Kikuyu - Feature Articles

A Kikuyu funeral

This is an extract from Melinda Atwood's book Jambo, Mama, and is reproduced by kind permission. Don't be put-off by the prospect of yet another mzungu safari journal: this one is superb. The following excerpt follows an intensely moving passage about the death of a friend, Lucy. See the copyright notice for textual extracts.

A Kikuyu funeral, by Melinda Atwood

I don't know what was said at the church service, for it too was in Kikuyu, but the singing was quite haunting. Nyamburra, seated on the other side of me, told me that all the songs were traditional Kikuyu burial songs. Most were sung in a question and response style and were lilting and melodic. The church was filled to capacity with everyone dressed in their best clothes. Lucy's coffin was up in front by the altar, but there were few other adornments.

After the service we piled back into my car, this time with four more Kufuma workers seated on the tailgate, and followed the pickup truck bearing the coffin into the coffee fields. We were bound for Lucy's parent's house, where I had been that dark night just a week before. I was surprised to find that it was only a short drive to get there, no more than ten minutes from the main road, and the walk from the car to the house was only a few hundred yards. It had seemed so far away and frightening six days before. We all hiked up the hill together and arrived at the burial scene.

Africans are very often buried in their back yard in Kenya. There was a huge mound of freshly dug earth behind the house and in the clearing near the front door sat the coffin. It was made of simple wood, and was set atop several hand carved stools. There were no flowers atop her coffin, just her school photograph. Most people were seated on the ground, but there were a few chairs on the periphery and I was offered one in the shade. I sat with James and most of Lucy's family. Mildred was across the grass watching me.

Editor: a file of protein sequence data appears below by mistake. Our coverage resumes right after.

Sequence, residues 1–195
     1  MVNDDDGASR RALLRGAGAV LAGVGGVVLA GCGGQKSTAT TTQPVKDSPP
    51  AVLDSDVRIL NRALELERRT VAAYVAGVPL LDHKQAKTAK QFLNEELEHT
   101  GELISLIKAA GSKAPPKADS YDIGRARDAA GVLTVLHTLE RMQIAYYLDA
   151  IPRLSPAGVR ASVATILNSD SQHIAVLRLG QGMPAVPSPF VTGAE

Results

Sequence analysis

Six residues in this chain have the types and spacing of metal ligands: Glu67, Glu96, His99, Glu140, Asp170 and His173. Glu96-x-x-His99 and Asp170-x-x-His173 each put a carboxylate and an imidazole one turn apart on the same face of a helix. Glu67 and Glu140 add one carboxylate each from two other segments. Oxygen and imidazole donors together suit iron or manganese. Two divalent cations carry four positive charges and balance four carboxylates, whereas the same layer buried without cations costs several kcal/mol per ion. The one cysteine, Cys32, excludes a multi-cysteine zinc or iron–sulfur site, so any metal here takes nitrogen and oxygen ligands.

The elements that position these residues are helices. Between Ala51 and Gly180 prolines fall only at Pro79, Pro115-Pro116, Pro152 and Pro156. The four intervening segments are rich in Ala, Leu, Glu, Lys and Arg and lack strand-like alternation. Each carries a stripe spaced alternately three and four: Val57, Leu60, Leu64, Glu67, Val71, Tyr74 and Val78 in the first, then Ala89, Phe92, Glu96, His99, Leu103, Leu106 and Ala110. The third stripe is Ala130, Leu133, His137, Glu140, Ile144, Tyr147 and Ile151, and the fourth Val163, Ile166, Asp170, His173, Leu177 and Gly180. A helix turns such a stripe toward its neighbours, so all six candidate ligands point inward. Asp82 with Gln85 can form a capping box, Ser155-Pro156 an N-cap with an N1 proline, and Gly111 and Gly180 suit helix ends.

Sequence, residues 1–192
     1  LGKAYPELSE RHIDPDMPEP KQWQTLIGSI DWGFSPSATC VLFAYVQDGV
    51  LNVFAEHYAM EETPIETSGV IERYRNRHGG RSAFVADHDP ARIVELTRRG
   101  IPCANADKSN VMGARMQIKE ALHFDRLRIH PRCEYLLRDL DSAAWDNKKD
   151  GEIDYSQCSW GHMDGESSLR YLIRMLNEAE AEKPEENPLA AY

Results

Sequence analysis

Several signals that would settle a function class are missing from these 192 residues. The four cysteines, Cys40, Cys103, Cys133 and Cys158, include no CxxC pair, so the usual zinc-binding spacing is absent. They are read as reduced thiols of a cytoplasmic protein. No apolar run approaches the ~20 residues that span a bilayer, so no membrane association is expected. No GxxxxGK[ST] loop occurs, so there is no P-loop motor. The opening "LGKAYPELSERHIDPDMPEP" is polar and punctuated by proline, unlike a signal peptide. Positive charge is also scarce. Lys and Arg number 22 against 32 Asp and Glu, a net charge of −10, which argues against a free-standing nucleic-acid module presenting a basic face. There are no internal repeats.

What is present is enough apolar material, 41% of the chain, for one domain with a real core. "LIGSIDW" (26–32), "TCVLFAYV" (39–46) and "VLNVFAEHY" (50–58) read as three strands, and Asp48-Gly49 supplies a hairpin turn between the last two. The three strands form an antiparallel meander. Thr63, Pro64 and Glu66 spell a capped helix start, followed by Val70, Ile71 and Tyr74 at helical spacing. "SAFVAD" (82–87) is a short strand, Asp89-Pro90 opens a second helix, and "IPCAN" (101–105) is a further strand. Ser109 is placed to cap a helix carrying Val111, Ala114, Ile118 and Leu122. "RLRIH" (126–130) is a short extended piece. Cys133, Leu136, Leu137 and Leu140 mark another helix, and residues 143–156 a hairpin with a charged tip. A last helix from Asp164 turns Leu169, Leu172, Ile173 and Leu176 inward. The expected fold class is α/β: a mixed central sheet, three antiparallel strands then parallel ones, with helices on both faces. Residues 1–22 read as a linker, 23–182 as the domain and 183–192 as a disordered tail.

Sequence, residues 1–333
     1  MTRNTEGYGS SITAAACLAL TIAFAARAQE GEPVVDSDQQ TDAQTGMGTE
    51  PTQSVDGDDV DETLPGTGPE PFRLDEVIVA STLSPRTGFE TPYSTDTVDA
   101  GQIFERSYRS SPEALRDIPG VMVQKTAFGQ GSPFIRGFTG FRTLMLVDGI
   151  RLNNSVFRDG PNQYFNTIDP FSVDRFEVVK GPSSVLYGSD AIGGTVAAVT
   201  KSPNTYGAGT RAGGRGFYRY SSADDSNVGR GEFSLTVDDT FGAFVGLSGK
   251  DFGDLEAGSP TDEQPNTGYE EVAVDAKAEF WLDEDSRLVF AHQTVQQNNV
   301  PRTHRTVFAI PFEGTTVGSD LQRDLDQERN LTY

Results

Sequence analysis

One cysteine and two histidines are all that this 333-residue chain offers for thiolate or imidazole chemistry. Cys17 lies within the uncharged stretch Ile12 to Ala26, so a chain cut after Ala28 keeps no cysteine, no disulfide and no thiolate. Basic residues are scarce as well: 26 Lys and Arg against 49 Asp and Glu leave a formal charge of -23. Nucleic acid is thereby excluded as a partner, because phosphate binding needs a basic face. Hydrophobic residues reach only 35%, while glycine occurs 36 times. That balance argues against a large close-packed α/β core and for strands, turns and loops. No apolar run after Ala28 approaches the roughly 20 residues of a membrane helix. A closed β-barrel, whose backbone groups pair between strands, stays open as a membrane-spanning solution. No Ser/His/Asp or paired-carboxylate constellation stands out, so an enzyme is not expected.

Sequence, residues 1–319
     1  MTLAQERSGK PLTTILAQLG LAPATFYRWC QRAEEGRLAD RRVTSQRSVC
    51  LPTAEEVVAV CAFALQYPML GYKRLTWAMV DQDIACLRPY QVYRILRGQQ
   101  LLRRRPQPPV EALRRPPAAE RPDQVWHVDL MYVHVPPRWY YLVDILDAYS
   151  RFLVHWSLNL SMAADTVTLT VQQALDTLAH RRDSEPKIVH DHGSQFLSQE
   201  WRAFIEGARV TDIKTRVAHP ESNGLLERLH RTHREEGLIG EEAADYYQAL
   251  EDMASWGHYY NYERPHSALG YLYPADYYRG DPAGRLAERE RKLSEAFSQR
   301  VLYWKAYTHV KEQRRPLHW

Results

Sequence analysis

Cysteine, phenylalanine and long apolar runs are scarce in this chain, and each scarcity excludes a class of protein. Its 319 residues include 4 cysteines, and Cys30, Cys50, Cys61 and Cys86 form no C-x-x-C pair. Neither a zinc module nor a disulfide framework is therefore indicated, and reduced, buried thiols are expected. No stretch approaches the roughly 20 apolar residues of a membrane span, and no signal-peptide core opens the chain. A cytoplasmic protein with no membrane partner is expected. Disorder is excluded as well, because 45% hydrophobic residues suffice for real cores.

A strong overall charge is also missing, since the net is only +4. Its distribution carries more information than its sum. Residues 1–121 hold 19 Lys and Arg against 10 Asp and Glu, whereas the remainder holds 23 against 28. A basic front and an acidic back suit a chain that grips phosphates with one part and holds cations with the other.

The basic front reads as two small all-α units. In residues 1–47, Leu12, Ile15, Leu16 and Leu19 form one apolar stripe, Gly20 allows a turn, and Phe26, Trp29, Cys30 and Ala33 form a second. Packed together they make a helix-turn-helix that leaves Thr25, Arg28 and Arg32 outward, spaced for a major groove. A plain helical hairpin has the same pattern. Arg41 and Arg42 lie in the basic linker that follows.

As the proceedings went along I noticed that every few minutes someone would go over to the coffin and spray it with an aerosol can. After a few times I turned to James and asked him what they were doing. He whispered back to me, "We don't want Lucy to smell." I then realized that it was a can of air freshener, and remembered that she had been dead almost a week. There was no embalming in Kenya.

The next part of the service involved friends and members of Lucy's family standing by the coffin and saying a few words about her. In the years that I had been in Kenya I had been to a few African ceremonies: farewells to balloon crew employees and celebrations of various staff accomplishments and I knew that the telling and retelling of every single detail of the life of the person in question was the norm. No one ever seemed to tire of hearing the same facts told over and over again. But in this case it was all in Kikuyu and I was left to imagine what was being said. When her father spoke and I heard "Atwood" and "Kufuma" uttered every so often I did, of course, realize what the general topic was, but I couldn't know what was being said about me. I hoped it was favorable. When the government representative, the local council member, got up to make his speech, however, he spoke in Swahili. That I could understand.